Nitrogen is indispensable for life—a building block of proteins and DNA.  Nitrogen (N) is one of the most important plant nutrients and the most heavily applied agricultural fertilizer.  Nitrogen  is common in the atmosphere—making up 78 percent of the air we breath.  But this atmospheric N is inert; non-reactive—it can’t be used by plants.  In contrast, reactive, plant-usable N is just one-one-thousandth as abundant in the biosphere as nitrogen gas is in the atmosphere.  For hundreds-of-millions of years, plants have struggled to find sufficient quantities of usable N.

But humans have intervened massively in the planet’s nitrogen cycles—effectively tripling the quantity of N flowing through terrestrial ecosystems—through farmland, forests, wetlands, and grasslands.  In intensively cropped areas, nitrogen flows are now ten times higher than natural levels.

Here’s the most important part: nitrogen is a fossil-fuel product.  Natural gas is the main input for making N fertilizer.  That gas provides the tremendous energy, heat, and pressure needed to split atmospheric nitrogen molecules and combine N atoms with hydrogen to make reactive compounds.  The amount of energy needed to create, transport, and apply one tonne of N fertilizer is nearly equal to two tonnes of gasoline.  Nitrogen is one way that we push fossil-fuel energy into the food system in order to push more food out.  We turn fossil fuels into fertilizer into food into us.

Humans managed to increase global food production about eight-fold during the 20th and early 21st centuries.*  There’s more tonnage coming out of our food system.  But that system is linear, so if there’s more food coming out one end, there must be more inputs being pushed into the other end—more energy, chemicals, and fertilizers.  The graph above shows how humans have increased N fertilizer inputs three-hundred-fold since 1900 and thereby helped increase human food outputs eight-fold, and human populations four-and-a-half-fold.  By pushing in a hundred million tonnes of fossil-fuel-derived fertilizer we can push out enough food to feed an additional six billion people.  (for more information on nitrogen, see chapters 3 and 28 of my recent book, Civilization Critical.)

Greenhouse gas emission from nitrogen fertilizer

The nitrogen crisis is compounded by the fact that N production and use drive climate change.  The production and use of nitrogen fertilizer is unique among human activities in that it produces large quantities of all three of the main greenhouse gases: carbon dioxide (from fertilizer-production facilities fueled by natural gas); nitrous oxide (from soils over-enriched by factory-made N); and methane (from the production and distribution of natural gas feedstocks and from the fertilizer-production process, i.e., from fracking, leaking gas pipelines, and from emissions from fertilizer plants).  A 2019 science journal article reported that actual methane emissions from fertilizer plants may be 100 times higher than previously assumed.  Emissions from N fertilizer production and use make up about half the total emissions from agriculture in many regions.  It’s fertilizer, not diesel fuel, that’s the largest emissions source on many farms.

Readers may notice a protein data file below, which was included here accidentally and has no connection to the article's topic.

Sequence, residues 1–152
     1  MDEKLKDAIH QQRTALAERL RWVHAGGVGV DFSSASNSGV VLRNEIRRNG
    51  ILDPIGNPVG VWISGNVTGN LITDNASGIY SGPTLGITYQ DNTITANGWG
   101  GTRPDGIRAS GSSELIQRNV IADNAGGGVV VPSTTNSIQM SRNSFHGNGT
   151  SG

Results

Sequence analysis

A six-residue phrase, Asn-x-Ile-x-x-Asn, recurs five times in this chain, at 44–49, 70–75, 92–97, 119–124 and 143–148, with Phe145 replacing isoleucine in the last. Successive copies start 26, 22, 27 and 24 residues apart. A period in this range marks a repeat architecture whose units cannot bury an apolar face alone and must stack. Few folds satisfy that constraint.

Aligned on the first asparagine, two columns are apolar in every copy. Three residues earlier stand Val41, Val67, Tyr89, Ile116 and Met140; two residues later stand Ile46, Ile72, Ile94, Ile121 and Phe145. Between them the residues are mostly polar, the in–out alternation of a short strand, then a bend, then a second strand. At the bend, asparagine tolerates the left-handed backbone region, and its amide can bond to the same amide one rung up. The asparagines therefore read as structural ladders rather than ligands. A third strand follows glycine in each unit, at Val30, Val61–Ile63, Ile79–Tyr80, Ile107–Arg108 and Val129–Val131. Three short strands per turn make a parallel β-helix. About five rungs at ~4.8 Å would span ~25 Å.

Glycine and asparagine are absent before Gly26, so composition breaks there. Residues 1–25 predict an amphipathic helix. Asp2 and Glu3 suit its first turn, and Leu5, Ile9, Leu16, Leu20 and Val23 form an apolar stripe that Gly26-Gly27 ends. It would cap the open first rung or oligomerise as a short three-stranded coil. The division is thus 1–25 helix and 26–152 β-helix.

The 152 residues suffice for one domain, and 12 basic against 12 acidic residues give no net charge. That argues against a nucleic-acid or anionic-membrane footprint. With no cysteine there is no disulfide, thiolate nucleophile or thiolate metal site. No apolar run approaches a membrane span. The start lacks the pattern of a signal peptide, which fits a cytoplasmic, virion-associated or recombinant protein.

We cannot continue to push massive quantities of petro-industrial N fertilizer into our farm fields and ecosystems.   Luckily there are alternatives and partial solutions.  these include:
– Getting nitrogen from natural sources: legumes and better crop rotations;
– Scaling back our demand for agricultural products: reducing food waste; rethinking biofuels; minimizing nutritionally disfigured food (sugar pops and tater tots); ceasing the attempt to globally proliferate North American levels of meat consumption;
– Funding agronomic research into low-input, organic, and agro-ecological production systems;  and
– Rationalizing and democratizing our food system—moving away from systems based on yield-, output-, trade-, and profit-maximization; corporate control; farmer elimination; and energy- and emission-maximization to new paradigms based on food sovereignty, health and nutrition-maximization, input-optimization, emissions-reduction, and long-term sustainability.

Any maximum-input, maximum-output agricultural system will  be a high-emission system.  Input reduction, however, can boost sustainability and net farm incomes while reducing energy use and emissions.  Cutting N use is key.

* The FAO records a four-fold increase in grain production between 1950 and 2018 and it is likely that production roughly doubled between 1900 and 1950, so an eight- to ten-fold increase in production is likely between 1900 and 2018.

Graph sources:
International Fertilizer Association (IFA);
– Vaclav Smil, Enriching the Earth (Cambridge, MA: The MIT Press, 2001);
– UN Food and Agriculture Organization (FAO), FAOSTAT; and
– Clark Gellings & Kelly Parmenter, “Energy Efficiency in Fertilizer Production and Use.”